7 Days in Kigali, and how genocide ripped through Rwanda

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By Yura Azevedo, translated by Lucy Cumming

On Monday 7th April, Rwanda paid tribute to the most extreme genocide in history – 800,000 deaths in less than one hundred days – and one of the bloodiest wars of the 20th century. A mere 20 years ago: the Rwandan Tutsi genocide.

Numerous heads of state, as well as the Secretary-General of the United Nations, Ban Ki-moon, gathered in Kigali to attend commemorative ceremonies. In light of this, and after formally opening the event by lighting a flame which will burn for one hundred days in memory of the victims, Rwandan President, Paul Kagame, delivered a speech to his people on the theme of unity and revival. Emotions in the crowd ran high; accounts of the brutal occurrences brought back many painful memories, so much so that some spectators had to be taken out of the stadium where the event was being held.

The programme for the last International Film Festival and Forum on Human Rights (FIFDH), which took place in Geneva last March, featured an hour-long documentary aptly dedicated to the Rwandan genocide. 7 days in Kigali, a film by Mehdi Ba and Jérôme Frey, released in 2014, called for a “remembrance obligation”. On this occasion, the film received the Youth Jury award for Best Creative Documentary. Testimonies were given by witnesses, victims and persecutors, and even when the film showed gruesome images, it left viewers speechless, filling them with incredulity. How did it get to this stage? How could we let it happen?

To better understand this tragedy, the film transports you back through the colonial past of this small land of a thousand hills and Great Lake region. Settlers, first German, then Belgian, formed two social groups. On one side were the Tutsis – originally livestock ranchers – and on the other, the Hutus – farmers. From that moment on, various alliances would be formed, flitting from one camp to another, and a growing rivalry would be established.

In 1959, the Hutus waged a “social revolution” against the Tutsi minority, which led to the exile of tens of thousands of Tutsis. The Republic was formed in 1961, followed by independence in 1962. After these events, the exiled Tutsis were considered a constant threat by the Hutus who lived in fear of their attempting to return to power. Amongst several other factors adding to the anti-Tutsi ideology were their repeated attempts throughout the 1990s to join forces with the government and determined efforts to operate within its institutions, which provoked mounting tension. Gradually, the rivalry became a mutual hatred.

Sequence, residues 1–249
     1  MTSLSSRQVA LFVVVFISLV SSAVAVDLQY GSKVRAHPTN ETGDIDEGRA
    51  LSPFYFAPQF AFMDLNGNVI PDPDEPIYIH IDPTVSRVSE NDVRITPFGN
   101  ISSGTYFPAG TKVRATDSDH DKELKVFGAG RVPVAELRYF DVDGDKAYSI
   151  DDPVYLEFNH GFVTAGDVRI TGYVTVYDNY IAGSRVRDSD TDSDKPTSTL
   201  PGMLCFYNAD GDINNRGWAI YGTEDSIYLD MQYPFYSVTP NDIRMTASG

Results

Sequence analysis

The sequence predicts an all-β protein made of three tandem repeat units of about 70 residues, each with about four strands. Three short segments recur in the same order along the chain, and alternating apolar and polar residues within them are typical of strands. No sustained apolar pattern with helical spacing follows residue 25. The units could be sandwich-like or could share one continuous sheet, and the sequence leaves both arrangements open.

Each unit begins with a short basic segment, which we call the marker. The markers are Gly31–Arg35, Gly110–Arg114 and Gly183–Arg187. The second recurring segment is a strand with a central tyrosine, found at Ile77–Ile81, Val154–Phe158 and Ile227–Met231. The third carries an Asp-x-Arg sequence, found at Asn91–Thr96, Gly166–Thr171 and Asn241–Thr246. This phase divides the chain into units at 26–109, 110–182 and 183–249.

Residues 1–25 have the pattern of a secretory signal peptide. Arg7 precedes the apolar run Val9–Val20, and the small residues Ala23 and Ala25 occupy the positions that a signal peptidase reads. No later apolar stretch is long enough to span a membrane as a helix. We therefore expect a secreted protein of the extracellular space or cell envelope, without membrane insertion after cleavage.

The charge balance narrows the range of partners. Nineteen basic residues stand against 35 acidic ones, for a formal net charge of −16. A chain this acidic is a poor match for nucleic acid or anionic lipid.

On 6th April 1994, when the plane carrying Hutu President, Juvénal Habyarimana, was shot down just before landing in Kigali, the decision was made: it was time to “eliminate the Tutsis”.

The attack, which today still sparks controversy in terms of the identities of its alleged perpetrators, was the final straw that triggered the genocide.

Tutsis were killed in a methodical fashion, with machetes, clubs, grenades or shotguns, their countless bodies piled up. Less extreme Hutus, believed to be allies of the Tutsis, were also amongst the victims. All over the town, lists were put together detailing the ethnicity of every Rwandan.

The aftermath is outlined chronologically, with the film returning to the first seven days of the conflict, and the testimonies from individuals that we meet throughout the story narrating what happened. During this, we are shown aerial images of the town and “news flash” clips.

We are introduced to people like Valérie Bemeriki (former presenter on the Radio Télévision Libre des Mille Collines Rwandan radio station, now imprisoned for inciting hatred) who outlines the key role played by RTLM in encouraging widespread support of the perpetrators and broadcasting hateful messages to the masses. The Tutsis were compared to “cockroaches” on air, and it was stated [on the radio] that “they must be wiped out”, otherwise it will be them who will wipe out the Hutus. We also meet Frenchman Pierre Galinier, who tells of how he did everything to save Yvonne Mutimura, his Tutsi fiancée who then describes how a mother and child were brutally bludgeoned to death and stamped on by soldiers in spiked boots, right in front of her eyes. Then we hear of Immaculée Mukandoli’s family, saved by her Hutu neighbour who agreed to hide them in his house. He had made the decision to “remain humane whilst others had become monsters”.

The film gradually reveals how the genocide was a premeditated act, planned in advance; how the international community did nothing even when faced with the warning signs and sight of the massacres, and how it should have been able to – if it had so desired – to put an end to the carnage. At a time where, in Rwanda, there are desperate attempts to reconcile an entire nation, 7 Days in Kigali can above all be described as the story of a whole population, remarkably defined by the heritage of its own history, yet whose destiny has been ripped apart by the paradox of human nature.

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